Microsoft Addresses Windows 10 Privacy Concerns by Pretending They Don’t Exist
Ashley Allen / 2 years ago
Since the release of Windows 10 at the end of July this year, there’s been much frenzied concern – some hysterical, some justified – regarding the operating system’s approach to user privacy, but Microsoft has refused to directly comment on the issues, until now. Terry Myerson, Executive Vice President of the Windows and Devices Group, has this week paid lip service to user concerns over privacy in Windows 10, but has done so, bizarrely, by not mentioning them.
In the post, Myerson opens by assuring that all that data its collecting from you is encrypted which makes it fine – failing to acknowledge that the act of collecting user data itself is one of the prevailing issues Windows 10 owners are concerned about – and facilitates Microsoft’s desire to provide a “delightful” Windows experience. See, it’s for our own good, not for their benefit:
“We aspire to deliver a delightful and personalized Windows experience to you, which benefits from knowing some things about you to customize your experience, such as knowing whether you are a Seattle Seahawks fan or Real Madrid fan, in order to give you updates on game scores or recommend apps you might enjoy– or remembering the common words you type in text messaging conversations to provide you convenient text completion suggestions.”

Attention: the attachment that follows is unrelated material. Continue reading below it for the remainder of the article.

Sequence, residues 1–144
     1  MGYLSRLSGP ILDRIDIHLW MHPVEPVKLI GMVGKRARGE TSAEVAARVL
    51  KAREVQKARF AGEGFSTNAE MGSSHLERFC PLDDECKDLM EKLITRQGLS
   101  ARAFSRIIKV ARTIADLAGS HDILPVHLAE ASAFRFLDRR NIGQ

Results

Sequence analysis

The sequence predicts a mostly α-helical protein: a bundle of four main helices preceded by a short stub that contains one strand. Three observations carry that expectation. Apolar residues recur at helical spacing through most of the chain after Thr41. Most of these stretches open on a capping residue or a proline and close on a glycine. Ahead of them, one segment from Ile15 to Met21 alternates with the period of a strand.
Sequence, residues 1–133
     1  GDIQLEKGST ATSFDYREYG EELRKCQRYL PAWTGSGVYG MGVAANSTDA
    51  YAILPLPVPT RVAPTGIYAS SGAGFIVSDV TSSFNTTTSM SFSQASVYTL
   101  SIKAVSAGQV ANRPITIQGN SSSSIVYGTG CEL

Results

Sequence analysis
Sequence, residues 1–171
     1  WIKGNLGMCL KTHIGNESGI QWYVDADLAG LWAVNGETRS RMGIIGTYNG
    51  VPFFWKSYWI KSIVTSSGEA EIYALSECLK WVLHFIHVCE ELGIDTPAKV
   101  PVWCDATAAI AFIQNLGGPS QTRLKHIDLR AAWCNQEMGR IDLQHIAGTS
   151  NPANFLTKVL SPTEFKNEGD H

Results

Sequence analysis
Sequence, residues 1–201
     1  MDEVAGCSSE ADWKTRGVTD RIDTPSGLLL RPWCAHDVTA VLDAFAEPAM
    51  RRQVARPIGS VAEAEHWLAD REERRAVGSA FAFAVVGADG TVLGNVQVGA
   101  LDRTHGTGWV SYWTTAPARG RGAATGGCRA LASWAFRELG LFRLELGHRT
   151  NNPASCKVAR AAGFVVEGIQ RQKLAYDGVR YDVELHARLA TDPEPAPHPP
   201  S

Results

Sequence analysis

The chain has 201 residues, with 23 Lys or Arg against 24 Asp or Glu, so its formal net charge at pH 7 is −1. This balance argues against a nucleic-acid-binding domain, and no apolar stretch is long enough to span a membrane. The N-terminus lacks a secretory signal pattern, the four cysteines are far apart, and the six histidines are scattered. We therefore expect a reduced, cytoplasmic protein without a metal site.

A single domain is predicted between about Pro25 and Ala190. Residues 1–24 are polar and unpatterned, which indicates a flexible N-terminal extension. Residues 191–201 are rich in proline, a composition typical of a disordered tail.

Myerson follows up with a cheap, “Hey, at least we’re not Google!” jab:
“Unlike some other platforms, no matter what privacy options you choose, neither Windows 10 nor any other Microsoft software scans the content of your email or other communications, or your files, in order to deliver targeted advertising to you.”
The blog post is little more than an echo chamber – setting its own agenda, then responding to it – and does little to address the genuine concerns of Windows 10 users. In fact, that it doesn’t reveal exactly how it uses the data it collects is conspicuous by its absence.
Thank you TechDirt for providing us with this information.
Image courtesy of Windows Central.